From a SharePoint user perspective, this is a great way to check out the tool that will both replace InfoPath and extend SharePoint out of box capabilities previously covered by SharePoint Designer, Client-Side Rendering (CSR) and JS Link, and other power user tools. Ramp up on your own and be ready for when your administrator turns PowerApps on in your tenant – OR be the reason they turn it on when you understand it’s capabilities and can demonstrate both your skill and solutions ready for your particular business cases. While SharePoint is, and will continue to be a data source for PowerApps – also check out the Common Data Service. Not all apps should be in SharePoint (really, its not the only tool out there. Smile ).

Be sure to check out the FAQ at the end of the blog post for good info as well. You will be able to transfer apps from your individual environment to another tenant… It’s not a dead-end tenant.

References

  • Sign up for the PowerApps Community Plan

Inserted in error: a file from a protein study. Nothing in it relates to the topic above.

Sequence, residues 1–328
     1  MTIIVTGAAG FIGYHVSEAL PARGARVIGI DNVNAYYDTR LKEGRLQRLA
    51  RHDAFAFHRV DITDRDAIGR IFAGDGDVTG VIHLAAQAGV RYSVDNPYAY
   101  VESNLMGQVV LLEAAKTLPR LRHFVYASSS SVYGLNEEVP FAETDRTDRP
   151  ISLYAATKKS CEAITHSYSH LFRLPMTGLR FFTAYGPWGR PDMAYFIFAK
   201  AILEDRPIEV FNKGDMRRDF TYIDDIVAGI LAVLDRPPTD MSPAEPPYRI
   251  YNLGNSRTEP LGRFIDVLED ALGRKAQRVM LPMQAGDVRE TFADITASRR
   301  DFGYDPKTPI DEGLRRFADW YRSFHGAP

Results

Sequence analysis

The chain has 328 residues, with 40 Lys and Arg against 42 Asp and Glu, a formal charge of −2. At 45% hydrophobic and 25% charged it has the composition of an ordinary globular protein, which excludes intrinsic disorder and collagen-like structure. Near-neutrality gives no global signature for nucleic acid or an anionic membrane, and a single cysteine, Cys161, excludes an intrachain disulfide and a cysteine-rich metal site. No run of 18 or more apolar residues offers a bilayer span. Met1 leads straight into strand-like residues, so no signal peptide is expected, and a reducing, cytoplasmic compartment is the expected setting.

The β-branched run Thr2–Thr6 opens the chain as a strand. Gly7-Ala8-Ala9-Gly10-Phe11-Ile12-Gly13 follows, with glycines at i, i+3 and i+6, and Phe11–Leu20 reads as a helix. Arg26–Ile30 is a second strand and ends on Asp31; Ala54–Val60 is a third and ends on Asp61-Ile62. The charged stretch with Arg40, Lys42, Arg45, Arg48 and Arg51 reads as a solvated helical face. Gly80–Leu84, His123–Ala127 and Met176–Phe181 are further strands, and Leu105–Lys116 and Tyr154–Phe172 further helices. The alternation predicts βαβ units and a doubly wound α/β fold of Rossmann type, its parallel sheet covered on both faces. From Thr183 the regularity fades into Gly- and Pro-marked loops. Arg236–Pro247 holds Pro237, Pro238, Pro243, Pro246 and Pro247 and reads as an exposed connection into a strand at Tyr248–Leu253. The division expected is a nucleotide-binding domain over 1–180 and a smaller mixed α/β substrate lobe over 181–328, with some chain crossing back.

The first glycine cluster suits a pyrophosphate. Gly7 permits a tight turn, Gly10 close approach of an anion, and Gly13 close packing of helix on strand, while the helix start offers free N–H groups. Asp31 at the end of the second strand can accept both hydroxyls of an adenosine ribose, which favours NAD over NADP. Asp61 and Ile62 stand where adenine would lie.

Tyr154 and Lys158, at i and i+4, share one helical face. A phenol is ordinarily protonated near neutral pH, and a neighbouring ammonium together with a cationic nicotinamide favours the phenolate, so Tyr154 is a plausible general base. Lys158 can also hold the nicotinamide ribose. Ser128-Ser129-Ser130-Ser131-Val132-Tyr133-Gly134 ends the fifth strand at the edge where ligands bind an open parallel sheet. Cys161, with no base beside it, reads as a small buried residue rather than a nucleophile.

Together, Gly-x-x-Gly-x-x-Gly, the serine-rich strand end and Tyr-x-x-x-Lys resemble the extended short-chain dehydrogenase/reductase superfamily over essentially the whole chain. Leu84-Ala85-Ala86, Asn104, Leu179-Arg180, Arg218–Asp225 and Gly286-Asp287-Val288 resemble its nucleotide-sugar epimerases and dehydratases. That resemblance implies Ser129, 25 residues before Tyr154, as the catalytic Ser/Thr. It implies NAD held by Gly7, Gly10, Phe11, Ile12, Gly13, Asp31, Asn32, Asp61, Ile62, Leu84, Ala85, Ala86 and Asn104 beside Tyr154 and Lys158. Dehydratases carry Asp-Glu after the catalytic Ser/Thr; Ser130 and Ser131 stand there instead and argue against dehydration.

• Check out the blog post for more details.

Update

Seems worth noting that you create your community account as a part of a business account – which many folks will already have. But not to fear, PowerApps keeps your community account separate from your actual work account by using the same account and password, but creating a new environment. Well done PowerApps Team!

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  • ‘TrecStone (default)’ is, yep – the default PowerApps environment for my account.
  • ‘Demo Area’ is a separate environment created to try out environment functionality
  • ‘Wes Preston’s Environment’ is my new personal PowerApps Community Plan environment